“’When you invited me up for the weekend,” he said, “I was expecting an agreeable couple of days with old friends. And a Black Uhuru concert. Not a re-enactment of Rorke’s Drift.'”

Please share this, if you like it. Thanks. A x

Can you imagine the impact these guys had on me in, ahem, Rochdale, in the mid 1970s? Click below to hear utterly sublime Beach Boys perfection. And, below that, is what I have to say about them in my book… 

Chapter 6 – Surfin’ Safari (The Bridlington Option)

“The milieu of the Beach Boys could not have been a more alien environment to a pre-pubescent in land-locked, industrial Rochdale – upon which the sun, when it shone, appeared to do so through Tupperware.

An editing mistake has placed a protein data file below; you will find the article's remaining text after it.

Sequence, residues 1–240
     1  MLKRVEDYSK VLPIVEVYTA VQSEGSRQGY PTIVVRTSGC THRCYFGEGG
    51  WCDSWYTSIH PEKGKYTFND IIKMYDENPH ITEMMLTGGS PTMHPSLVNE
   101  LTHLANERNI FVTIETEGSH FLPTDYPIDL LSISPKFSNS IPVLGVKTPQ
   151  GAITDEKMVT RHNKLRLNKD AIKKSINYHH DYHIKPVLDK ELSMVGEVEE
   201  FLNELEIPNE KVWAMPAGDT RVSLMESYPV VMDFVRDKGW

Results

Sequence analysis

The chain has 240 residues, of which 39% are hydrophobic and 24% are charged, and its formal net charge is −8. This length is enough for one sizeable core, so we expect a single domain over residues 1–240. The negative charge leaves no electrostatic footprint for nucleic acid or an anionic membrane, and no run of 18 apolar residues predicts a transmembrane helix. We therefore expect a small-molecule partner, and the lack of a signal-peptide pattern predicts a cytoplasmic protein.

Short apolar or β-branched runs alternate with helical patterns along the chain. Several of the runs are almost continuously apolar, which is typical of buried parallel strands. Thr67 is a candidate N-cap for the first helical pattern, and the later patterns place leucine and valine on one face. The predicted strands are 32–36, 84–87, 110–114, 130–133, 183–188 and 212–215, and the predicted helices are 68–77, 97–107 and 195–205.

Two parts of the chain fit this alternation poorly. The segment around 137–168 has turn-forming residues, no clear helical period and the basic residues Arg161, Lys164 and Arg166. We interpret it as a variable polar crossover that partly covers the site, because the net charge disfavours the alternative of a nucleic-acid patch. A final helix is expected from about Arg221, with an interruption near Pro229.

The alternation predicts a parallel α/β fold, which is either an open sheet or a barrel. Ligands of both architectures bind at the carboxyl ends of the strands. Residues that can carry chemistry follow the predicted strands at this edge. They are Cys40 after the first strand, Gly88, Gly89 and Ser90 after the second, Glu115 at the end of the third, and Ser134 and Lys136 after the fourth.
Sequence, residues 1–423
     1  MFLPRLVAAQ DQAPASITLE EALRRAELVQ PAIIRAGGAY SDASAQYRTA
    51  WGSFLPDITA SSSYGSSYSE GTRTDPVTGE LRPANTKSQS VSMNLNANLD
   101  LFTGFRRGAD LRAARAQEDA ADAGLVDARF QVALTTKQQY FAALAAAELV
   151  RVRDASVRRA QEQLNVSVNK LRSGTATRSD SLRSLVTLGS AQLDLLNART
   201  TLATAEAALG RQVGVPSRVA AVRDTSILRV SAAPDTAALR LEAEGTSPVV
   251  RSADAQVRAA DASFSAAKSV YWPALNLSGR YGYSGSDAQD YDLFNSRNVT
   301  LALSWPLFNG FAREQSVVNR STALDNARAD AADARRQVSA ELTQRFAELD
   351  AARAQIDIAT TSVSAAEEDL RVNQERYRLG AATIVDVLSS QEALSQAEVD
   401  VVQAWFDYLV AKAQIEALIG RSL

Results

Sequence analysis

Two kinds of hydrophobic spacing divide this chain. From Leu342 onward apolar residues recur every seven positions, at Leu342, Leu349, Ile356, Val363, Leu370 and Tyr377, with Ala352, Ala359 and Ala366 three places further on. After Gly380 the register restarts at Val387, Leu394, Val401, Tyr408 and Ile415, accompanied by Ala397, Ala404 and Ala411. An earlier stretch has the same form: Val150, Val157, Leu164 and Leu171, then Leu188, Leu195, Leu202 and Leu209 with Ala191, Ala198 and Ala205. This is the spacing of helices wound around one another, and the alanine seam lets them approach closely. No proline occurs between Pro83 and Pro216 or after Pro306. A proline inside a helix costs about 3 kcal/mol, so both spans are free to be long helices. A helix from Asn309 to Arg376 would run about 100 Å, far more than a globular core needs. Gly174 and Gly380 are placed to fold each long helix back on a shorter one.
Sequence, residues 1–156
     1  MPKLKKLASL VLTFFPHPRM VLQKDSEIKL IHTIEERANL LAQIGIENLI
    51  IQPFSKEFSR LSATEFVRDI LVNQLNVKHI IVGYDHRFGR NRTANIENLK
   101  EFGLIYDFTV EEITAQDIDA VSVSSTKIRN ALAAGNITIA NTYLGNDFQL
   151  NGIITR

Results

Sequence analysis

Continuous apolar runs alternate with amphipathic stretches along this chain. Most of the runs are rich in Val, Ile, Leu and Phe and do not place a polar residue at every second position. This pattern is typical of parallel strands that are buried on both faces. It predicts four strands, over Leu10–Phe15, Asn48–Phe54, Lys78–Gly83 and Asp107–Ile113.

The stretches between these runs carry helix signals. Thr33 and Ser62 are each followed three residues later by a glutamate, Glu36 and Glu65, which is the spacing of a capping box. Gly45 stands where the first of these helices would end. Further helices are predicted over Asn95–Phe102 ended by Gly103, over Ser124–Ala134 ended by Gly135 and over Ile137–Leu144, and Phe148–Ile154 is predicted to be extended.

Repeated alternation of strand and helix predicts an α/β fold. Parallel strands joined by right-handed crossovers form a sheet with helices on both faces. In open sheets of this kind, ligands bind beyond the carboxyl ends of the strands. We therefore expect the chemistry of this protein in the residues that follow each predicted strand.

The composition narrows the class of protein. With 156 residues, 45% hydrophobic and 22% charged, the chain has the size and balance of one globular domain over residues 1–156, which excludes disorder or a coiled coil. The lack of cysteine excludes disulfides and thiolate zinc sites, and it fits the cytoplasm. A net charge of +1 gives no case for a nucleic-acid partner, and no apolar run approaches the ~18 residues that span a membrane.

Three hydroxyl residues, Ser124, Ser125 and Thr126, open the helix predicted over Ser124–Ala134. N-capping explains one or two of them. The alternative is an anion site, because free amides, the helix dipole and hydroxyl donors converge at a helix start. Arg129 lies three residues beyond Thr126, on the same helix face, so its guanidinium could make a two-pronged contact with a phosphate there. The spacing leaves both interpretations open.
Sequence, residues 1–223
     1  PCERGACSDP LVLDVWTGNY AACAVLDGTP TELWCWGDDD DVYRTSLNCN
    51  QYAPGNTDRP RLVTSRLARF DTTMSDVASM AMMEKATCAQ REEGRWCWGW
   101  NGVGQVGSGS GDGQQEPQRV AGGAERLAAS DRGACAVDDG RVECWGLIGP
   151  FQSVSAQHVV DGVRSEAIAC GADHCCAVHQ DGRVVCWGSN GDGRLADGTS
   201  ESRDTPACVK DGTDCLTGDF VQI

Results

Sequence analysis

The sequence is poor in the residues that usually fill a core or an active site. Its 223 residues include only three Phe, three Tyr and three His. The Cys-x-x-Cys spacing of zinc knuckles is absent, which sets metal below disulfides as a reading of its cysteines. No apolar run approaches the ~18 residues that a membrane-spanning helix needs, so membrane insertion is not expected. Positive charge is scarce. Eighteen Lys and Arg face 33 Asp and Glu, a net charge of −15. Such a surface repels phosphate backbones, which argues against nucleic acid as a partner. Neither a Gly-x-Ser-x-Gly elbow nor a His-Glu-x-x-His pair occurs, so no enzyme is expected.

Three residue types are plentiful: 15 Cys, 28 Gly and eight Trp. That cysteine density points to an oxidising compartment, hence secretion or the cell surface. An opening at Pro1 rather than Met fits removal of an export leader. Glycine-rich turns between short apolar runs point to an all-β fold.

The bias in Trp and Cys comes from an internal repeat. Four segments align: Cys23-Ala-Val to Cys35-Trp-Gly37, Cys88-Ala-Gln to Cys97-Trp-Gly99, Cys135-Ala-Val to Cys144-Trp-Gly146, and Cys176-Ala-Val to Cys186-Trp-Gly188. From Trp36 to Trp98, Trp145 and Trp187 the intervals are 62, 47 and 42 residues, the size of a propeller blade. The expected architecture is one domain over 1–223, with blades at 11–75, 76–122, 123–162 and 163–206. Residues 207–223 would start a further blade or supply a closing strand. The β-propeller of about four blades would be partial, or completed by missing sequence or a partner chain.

I think it was my school pal – and still my pal – Jonny Barnes, who introduced me to their carefree world of surfing, honey-coloured girls, gleaming teeth, infinite leisure time, blonde crew-cuts, parental wealth, hot-rod cars and recreational road traffic accidents. Jonny probably picked up on the Beach Boys from his mum who, bewilderingly, when Jonny and I were teenagers, appeared to be about 25.

I adored the Beach Boys, for all those sun-kissed temptations and their glorious songs and exquisite harmonies. They seemed to promise gratification on an epic scale, just waiting around the corner in late adolescence which, for a while, persuaded me – a physically underdeveloped specimen, always overlooked or even ridiculed by girls – that to adapt a Beach Boys attitude to a life in Lancashire was my best hope of getting shagged.